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Guy Maddin perfectly recreates the look and feel of a 1930s in this bizarre picture. Read critic reviews

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The Saddest Music in the World Photos

Movie Info

In this experimental musical set in 1930s Winnipeg, Canada, amputee baroness Lady Port-Huntley (Isabella Rossellini) organizes a competition offering $25,000 to the person who can compose the saddest music in the world. Musicians -- including a depressed Broadway producer (Mark McKinney), his guilt-stricken father (David Fox) and a Serbian cellist (Ross McMillan) -- flock to Winnipeg with the hope that they will be the best at conveying tragedy and grief in their music.

Cast & Crew

Isabella Rossellini
Lady Port-Huntley
Brent Neale
Polish Pianist
Erik Berg
Orphan
Atom Egoyan
Executive Producer
Luc Montpellier
Cinematographer
Matthew Davies
Production Design
Richard O'Brien-Moran
First Assistant Director
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Critic Reviews for The Saddest Music in the World

All Critics (103) | Top Critics (35) | Fresh (81) | Rotten (22)

Audience Reviews for The Saddest Music in the World

  • Sep 19, 2012
    The best Guy Maddin film..which isn't saying much given how much Guy Maddin films give me a headache. This one at least has a unique plot and interesting concepts. If only someone else had directed it.
    John B Super Reviewer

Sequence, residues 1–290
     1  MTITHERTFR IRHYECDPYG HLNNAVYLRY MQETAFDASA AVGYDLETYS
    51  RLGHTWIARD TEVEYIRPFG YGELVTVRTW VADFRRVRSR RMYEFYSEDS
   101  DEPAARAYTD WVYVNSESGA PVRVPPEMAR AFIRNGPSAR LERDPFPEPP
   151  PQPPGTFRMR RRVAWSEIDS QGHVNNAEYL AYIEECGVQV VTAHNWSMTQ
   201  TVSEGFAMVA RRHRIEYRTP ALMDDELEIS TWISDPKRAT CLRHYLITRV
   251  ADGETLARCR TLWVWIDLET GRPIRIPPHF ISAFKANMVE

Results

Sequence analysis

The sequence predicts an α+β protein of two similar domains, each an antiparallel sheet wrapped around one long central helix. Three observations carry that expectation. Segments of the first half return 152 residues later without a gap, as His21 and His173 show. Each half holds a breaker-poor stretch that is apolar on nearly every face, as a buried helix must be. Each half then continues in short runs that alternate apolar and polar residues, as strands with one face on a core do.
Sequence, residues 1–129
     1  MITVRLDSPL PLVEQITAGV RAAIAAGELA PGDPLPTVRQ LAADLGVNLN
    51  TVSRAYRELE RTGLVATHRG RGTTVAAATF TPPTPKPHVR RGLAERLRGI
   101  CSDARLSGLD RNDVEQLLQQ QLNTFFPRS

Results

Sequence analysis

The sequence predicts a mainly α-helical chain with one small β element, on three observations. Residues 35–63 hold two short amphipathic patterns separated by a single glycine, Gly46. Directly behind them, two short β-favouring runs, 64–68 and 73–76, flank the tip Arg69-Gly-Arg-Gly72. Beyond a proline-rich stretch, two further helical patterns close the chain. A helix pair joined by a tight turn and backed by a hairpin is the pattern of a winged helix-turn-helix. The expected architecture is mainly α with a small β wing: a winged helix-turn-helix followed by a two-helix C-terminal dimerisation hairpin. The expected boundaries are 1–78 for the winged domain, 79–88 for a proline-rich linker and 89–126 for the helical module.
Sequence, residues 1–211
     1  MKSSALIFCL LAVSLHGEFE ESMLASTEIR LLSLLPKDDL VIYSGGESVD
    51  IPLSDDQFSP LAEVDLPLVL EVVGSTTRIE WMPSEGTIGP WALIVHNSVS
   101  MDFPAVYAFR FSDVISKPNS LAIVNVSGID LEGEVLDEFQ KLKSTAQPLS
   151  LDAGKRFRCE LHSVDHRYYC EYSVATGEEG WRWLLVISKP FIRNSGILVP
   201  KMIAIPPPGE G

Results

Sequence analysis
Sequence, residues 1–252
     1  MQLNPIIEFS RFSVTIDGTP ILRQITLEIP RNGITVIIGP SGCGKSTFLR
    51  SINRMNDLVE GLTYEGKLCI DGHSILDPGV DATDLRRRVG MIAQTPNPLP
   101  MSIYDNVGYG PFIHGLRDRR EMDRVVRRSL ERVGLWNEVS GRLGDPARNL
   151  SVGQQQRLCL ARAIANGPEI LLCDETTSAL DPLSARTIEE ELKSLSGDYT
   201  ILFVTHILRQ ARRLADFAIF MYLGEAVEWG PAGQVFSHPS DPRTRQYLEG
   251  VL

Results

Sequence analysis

• Feb 19, 2012
    It has a sad, surreal atmosphere that suggests a type of fantasy nostalgia. This may not literally be the past but Maddin desperately wishes it was. The result is a film that's intoxicating to watch. Its also a pretty spot on and rather hilarious satire of perceived cultural identity and America's invasive notion of superiority.
    Alec B Super Reviewer
  • Oct 23, 2011
    A legless Canadian beer magnate (Isabella Rosselini) holds a contest during the Great Depression to discover the titular music; the bout attracts a musical family with a very odd and twisted history. Very funny if you can get past the need for everything to make absolute sense; Guy Maddin continues his visual experiments in recreating the look and feel of movies from the 20s and early 30s, yet this may be his most accessible and mainstream story.
    Greg S Super Reviewer
  • Jun 15, 2011
    A Damn fine slice of Canadiana, centering around a competition in the height of the great depression to determine which nation produces the saddest music in the world. Oddball humour, surrealism and drama ensue. Guy Maddin is a director I've been meaning to check out for awhile now, and I'm glad I've finally made the plunge. I plan on watching the 'auto-biographical' trilogy within the next couple days after really enjoying this. The old tyme style of the film is incredibly genuine and I often had to remind myself that this was filmed in 2003. The humour was really bizarre but really good and I found myself laughing more than I have at a movie in a really long time. Isabella Rossellini was terrific as I had expected. Mark McKinney and Maria de Medeiros were no slouches either. The performances were over the top and kind of cheesy but it fit the overall tone of the movie well in my opinion. Strongly recommended.
    Ed Fucking H Super Reviewer

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